Hi Frugalistas! When I visited Athens recently I was disappointed that I didn’t have time to fit in a visit to the Greek Islands. I’d sailed in the Cycladic Islands many years ago and had fond memories of those glorious blue and white houses festooned with bright bougainvillea and geraniums. Then upon studying my guidebook I discovered Anafiotika, a little slice of the Greek Islands right in the heart of Athens….
How to find Anafiotika
Anafiotika is on the north eastern slopes of the Acropolis, not far from Monastiraki and the Plaka. Having said that, it is much easier to find from the main thoroughfare of Dionysiou Areopagitou. Turn right at Thrasyllou (just past the Tourist Information centre) and just keep walking.
when you reach a little white church you know you are about there.
Like all the best places I feature on frugalfirstclasstravel, Anafiotika really is one of those places where you must head off the main drag and allow yourself to get lost. The prettiest streets and the best houses are definitely hidden away – often down tiny little lanes barely wider than your shoulders.
The history of Anafiotika
Anafiotika literally means “little Anafi”. Villagers from the Cycladic Island of Anafi arrived in Athens in the nineteenth century. They brought their traditional architecture and building techniques with them and built a tiny Cycladic enclave in the foothills of the Acropolis.
look out for the little house that proudly displays the Anafi poster on its wall.
Being a gracious guest in Anafiotika
Remember that Anafiotika is not a theme park or a tourist site. It is a quiet residential area, so be respectful of that.
Similarly, the houses are people’s homes and private property. Respect gates, fences and don’t peer into windows.
I loved wandering around Anafiotika on my own. If you are in a group don’t be noisy – it is a very quiet area with no cars or even motorbikes, so any noise will be heard.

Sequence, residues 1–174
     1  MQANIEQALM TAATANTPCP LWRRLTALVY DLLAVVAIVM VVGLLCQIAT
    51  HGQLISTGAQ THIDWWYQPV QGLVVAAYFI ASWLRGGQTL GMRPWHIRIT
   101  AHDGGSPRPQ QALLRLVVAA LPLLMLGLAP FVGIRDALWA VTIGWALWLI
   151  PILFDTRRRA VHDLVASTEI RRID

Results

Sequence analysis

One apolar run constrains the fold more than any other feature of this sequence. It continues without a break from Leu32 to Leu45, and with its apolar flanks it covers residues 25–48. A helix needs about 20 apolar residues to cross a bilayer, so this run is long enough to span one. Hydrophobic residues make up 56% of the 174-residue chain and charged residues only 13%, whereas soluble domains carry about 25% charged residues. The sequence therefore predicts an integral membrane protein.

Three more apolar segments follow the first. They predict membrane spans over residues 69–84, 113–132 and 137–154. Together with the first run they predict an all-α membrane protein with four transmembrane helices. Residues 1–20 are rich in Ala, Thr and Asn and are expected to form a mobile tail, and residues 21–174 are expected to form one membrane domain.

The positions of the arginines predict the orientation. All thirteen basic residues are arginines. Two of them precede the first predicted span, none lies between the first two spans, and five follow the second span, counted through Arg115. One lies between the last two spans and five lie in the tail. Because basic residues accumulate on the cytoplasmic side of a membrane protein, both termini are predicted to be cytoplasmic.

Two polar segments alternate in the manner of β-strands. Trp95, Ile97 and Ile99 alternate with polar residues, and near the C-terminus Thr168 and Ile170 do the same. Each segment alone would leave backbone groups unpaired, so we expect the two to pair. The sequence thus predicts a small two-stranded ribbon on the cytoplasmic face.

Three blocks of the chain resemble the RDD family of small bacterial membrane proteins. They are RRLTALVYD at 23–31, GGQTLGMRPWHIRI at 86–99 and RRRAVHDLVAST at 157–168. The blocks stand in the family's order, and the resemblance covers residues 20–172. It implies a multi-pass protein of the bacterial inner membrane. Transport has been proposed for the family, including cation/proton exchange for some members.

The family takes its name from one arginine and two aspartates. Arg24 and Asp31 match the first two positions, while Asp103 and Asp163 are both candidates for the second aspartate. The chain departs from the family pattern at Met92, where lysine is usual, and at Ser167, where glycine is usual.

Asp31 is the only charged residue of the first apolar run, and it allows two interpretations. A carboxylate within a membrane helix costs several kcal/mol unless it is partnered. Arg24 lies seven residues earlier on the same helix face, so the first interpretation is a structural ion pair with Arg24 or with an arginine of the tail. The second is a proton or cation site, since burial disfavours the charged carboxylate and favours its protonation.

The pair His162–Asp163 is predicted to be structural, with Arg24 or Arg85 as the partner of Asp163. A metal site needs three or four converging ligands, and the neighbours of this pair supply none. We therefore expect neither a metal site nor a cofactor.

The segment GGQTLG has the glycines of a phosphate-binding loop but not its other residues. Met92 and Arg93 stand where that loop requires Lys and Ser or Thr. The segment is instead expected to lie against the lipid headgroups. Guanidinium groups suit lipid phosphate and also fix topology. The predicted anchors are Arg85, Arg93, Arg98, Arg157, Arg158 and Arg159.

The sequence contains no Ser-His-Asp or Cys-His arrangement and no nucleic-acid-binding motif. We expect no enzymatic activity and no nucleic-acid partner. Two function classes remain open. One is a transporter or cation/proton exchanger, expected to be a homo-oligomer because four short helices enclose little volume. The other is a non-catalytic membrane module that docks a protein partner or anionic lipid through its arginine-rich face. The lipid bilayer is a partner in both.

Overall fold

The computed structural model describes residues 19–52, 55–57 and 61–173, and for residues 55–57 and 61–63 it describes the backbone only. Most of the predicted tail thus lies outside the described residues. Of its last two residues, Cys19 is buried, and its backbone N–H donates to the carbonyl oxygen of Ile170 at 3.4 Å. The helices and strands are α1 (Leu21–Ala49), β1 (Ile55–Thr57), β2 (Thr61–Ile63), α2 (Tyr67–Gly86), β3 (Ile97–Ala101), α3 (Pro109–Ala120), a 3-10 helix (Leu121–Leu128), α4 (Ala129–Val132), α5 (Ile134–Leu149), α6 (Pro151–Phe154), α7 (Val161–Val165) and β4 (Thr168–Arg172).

Other Anafiotika tips
Stairs and pathways can be quite steep and narrow at times, so you do need a reasonable level of fitness. I suspect the streets could also be slippery after rain. But, like any Greek Island, Anafiotika is an area best viewed in its sunny glory.
There are no cafes or restaurants in Anafiotika itself. There is a cluster of plenty of cafes further west, near Prytaniou. They create a great atmosphere, particularly in the late afternoon when they are a popular destination for young Athenians. Much nicer than the tourist traps around the Acropolis museum and Tourist Information area, my recommendation is to tour Anofiotika first, then stop for something to eat on the western side afterwards.
You can also approach Anofiotika from Monastiraki Square, however it is much harder to find your way in the maze of streets in the foothills of the Acropolis (I will be featuring this delightful area in a future post).
I loved my little visit to the Greek Islands – even if I didn’t leave Athens. Do you know any other places like Anafiotika? A gorgeous little village in an unexpected place.
Tools for planning your visit to Athens